The U.S and Canada are said to be the only two major developed countries to grant automatic citizenship to the offspring of foreign nationals whose parents are in the countries without legal authorization. Regarding the U.S., Rasmussen polling noted on August 19:
Fifty-four percent (54%) of voters disagree with the current federal policy that says a child born to an illegal immigrant here is automatically a U.S. citizen….
It is not just “federal policy.” It is a right that stems from nearly 120 years of legal practice based on the U.S. Supreme Court’s interpretation of the U.S. Constitution’s 14th Amendment. That amendment was ratified in the aftermath of the U.S. Civil War (1861-1865).
Donald Trump’s call for doing away with birthright citizenship for the children of illegal immigrants has once again focused media attention on the idea and led some of his GOP rivals to signal openness to it….
The pressures of an ongoing, mass immigration, particularly from Mexico and Central America – and especially foreign nationals entering and staying without official permission and having U.S. citizen children – has become a contentious issue among many Americans. It is certainly driving this new debate on birthright citizenship.
I want to invite you. While certainly in line with what this blog revolves around overall, tomorrow – on Monday at 8 am UK time/ 3 am ET US – I’ll share a post that is rather different. Here’s my only hint:
In 2006, the U.S. State Department helped organize a mass evacuation of U.S. citizens from Lebanon during the Hezbollah-Israel war. However, currently, there seems no similar urgency on the part of the U.S. to evacuate a far smaller number of U.S. citizens from Yemen. Lawsuits have even been filed challenging the government’s not doing so.
As of April 11, this is what the Department of State has to say:
The page continues in sharing how Americans can perhaps leave courtesy of “third party” assistance, such as India’s:
While I was working yesterday, I did what I normally do: I had Twitter open to the side on my iPad. I check it occasionally. Usually I do so when I stop for a writing break, but sometimes I just glance over at it.
That latter is a bad habit.
What a strange “social media” day yesterday was (to me, anyway).
I don’t like to talk U.S. party politics here, really (as you know, it’s about writing and expats, etc.); but this is interesting in terms of media. And it this isn’t just an Americans’ issue. It’s also an international one given how U.S. domestic politics can resonate around the world:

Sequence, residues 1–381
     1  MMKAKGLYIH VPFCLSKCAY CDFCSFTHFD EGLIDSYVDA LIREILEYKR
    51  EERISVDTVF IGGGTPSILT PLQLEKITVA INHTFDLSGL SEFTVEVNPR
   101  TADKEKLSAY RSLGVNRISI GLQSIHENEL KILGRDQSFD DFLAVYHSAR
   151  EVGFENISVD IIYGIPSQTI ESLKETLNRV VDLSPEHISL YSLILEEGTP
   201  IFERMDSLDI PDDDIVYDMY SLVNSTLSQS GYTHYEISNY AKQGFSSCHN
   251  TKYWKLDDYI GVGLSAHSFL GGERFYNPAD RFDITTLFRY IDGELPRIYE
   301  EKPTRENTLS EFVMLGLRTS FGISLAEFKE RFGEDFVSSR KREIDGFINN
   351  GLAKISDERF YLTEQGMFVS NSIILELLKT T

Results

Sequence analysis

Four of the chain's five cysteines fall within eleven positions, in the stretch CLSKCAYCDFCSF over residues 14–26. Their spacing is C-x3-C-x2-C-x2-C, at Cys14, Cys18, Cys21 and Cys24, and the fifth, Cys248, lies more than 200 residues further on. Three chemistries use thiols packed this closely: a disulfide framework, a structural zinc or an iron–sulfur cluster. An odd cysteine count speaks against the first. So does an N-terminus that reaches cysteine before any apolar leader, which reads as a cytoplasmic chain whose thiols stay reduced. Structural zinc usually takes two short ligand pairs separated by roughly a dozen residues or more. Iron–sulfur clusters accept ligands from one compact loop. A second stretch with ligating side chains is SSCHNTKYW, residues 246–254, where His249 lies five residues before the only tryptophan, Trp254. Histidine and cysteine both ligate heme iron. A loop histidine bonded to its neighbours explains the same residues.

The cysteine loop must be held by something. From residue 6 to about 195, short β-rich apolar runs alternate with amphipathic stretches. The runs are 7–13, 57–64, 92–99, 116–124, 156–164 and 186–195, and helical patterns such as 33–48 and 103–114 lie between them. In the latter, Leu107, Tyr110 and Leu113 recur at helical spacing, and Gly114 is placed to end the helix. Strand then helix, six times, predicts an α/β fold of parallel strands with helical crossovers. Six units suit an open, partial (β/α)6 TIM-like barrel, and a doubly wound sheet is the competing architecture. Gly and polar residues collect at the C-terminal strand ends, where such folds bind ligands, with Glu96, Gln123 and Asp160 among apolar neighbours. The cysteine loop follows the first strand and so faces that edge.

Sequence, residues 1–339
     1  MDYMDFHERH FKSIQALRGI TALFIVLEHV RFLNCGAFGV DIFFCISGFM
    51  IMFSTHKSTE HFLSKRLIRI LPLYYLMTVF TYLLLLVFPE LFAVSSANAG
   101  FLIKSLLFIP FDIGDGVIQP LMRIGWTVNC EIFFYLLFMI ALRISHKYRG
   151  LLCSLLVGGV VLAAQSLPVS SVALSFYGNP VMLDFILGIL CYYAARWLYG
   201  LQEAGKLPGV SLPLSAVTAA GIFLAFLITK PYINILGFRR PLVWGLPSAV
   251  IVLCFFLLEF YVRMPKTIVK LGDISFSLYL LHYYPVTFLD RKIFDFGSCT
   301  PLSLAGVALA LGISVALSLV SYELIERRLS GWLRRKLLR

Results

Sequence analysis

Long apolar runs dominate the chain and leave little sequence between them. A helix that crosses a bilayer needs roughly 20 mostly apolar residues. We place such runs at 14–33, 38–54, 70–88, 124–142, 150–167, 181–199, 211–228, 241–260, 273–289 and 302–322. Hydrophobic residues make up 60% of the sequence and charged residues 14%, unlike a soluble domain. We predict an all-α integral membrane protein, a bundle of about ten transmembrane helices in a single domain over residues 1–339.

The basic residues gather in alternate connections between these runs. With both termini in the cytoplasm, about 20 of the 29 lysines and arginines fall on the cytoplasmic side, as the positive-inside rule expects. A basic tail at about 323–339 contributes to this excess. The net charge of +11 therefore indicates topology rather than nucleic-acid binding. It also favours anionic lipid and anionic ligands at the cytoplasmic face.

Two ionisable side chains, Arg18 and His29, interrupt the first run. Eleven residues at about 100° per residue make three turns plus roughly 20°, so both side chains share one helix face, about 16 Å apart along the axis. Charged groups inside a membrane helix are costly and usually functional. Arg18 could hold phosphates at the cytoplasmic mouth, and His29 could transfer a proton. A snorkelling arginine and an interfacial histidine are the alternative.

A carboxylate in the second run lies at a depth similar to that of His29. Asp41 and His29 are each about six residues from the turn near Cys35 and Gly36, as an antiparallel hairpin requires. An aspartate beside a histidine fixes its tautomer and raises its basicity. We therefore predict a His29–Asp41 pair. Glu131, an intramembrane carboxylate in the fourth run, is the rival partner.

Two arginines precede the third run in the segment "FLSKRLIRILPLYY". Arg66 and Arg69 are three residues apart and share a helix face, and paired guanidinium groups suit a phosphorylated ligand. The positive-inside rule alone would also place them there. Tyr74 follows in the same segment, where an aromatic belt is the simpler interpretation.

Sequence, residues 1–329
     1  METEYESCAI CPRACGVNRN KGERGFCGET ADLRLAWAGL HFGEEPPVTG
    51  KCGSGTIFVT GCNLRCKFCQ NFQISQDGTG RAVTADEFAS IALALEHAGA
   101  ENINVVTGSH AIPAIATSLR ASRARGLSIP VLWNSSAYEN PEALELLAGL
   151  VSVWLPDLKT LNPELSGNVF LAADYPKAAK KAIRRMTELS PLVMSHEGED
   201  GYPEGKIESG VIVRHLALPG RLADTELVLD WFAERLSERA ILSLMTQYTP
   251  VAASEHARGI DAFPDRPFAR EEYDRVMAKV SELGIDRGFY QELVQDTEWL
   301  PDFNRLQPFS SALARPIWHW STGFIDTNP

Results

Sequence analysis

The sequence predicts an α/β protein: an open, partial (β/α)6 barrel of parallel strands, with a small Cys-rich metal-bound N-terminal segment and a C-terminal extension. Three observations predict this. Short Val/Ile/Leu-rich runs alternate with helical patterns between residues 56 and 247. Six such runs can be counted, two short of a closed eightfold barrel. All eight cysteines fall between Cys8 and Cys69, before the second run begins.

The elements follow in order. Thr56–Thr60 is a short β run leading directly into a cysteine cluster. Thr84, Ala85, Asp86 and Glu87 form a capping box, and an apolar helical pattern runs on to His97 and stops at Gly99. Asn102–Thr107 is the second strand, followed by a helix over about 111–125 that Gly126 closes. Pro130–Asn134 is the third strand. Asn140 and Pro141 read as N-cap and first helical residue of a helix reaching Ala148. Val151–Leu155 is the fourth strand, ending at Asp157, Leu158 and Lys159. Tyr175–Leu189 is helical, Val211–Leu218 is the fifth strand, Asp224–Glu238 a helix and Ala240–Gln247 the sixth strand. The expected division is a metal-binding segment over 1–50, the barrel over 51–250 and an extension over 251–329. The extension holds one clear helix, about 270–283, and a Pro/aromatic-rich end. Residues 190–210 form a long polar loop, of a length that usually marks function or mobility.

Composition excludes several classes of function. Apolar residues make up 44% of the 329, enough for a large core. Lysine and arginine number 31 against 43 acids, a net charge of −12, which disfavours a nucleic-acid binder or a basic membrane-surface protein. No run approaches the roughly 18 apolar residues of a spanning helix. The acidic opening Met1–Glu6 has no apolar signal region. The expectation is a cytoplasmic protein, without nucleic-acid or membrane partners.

I don’t watch Fox News with any regularity. The article also addresses Fox’s left-wing opposite number: MSNBC. MSNBC is not available here in Britain, but, similarly, I wouldn’t watch it much either even if it were.
I find both Fox News Channel and MSNBC to be essentially unwatchable yell and snark fests. However, back in the States, my mother must be one of the few who revels in both channels. “I like to hear what both sides are screaming about,” she laughs.
There’s a program on Fox I’ve seen a few times called “The Five.” My Mom likes that one for amusement; but to me, frankly, the less said about it the better. One minute chattering hosts hold forth on ISIS (“The Middle East is so complicated, and Obama won’t do anything!”), or global economics, and after a commercial break on some celebrity’s award show outfit.
My Mom often has MSNBC on as background noise in the kitchen. In my mind, it’s mostly a blur of predictably left of center opinions. A few times, however, I’ve also overheard anchors/ presenters getting so carried away I expected hammer and sickle flags to be unfurled on set at any moment.
From U.S.-based TV news channel offerings – and I know I’m a minority, and I know it has its own issues – I still much prefer CNN. Here in Britain, we see CNN International. Above all, it has Hala Gorani:
Choose your viewing carefully. Also create a list of varied web sites from at home, and from around the world. Spending “quality time” on news is far more worthwhile than sitting through Fox and MSNBC doing their TV impersonations of “talk” radio.
And life’s too short.
Have a good day, wherever you are in the world. :-)
Last week, my mother told me someone had slipped her this coin in change in one of her northeast Pennyslvania local shops. She was annoyed when she got home and discovered it. She then asked me if I could at least maybe identify it:
I was stumped. As I don’t like being easily stumped, I resorted to a Google search on coins and the years “1987” and “1407.” After a few clicks around, I found the source country: Morocco.
When I told my Mom that, she laughed. “We get Canadian coins all the time. Morocco? In backwoods Pennsylvania?”
I shrugged and reminded her, “Increasingly global world nowadays, Mother.” :-)
If you visit my modest site here regularly, you know I write novels revolving around young Americans abroad in the 1990s – in France in particular. Unsurprisingly, I have many French characters, one of whom is a Second World War veteran. Before heading down that literary path, as an academic I’d studied the war and its impacts on post-war Europe.
So please pardon an extremely serious – even depressing – post. For whenever American WWII involvement is cited non-chalantly in present political debates, I take notice. In this case, a former comedian (who now has a chatter show on HBO) tweeted breezily the other day that the U.S. had won WWII without resorting to torture:
We’ll leave aside his Cold War reference. We don’t know much that happened “quietly” in “black spots” and out of sight during the Cold War. But his raising it in that manner merely demonstrates he probably has only cursory knowledge about how the West and the Soviet bloc intelligence services went at each other viciously during those years, including resorting to umbrella poisonings, and in involving themselves (and sometimes succeeding) in overthrowing unfriendly governments, and then supporting torturers within the new governments.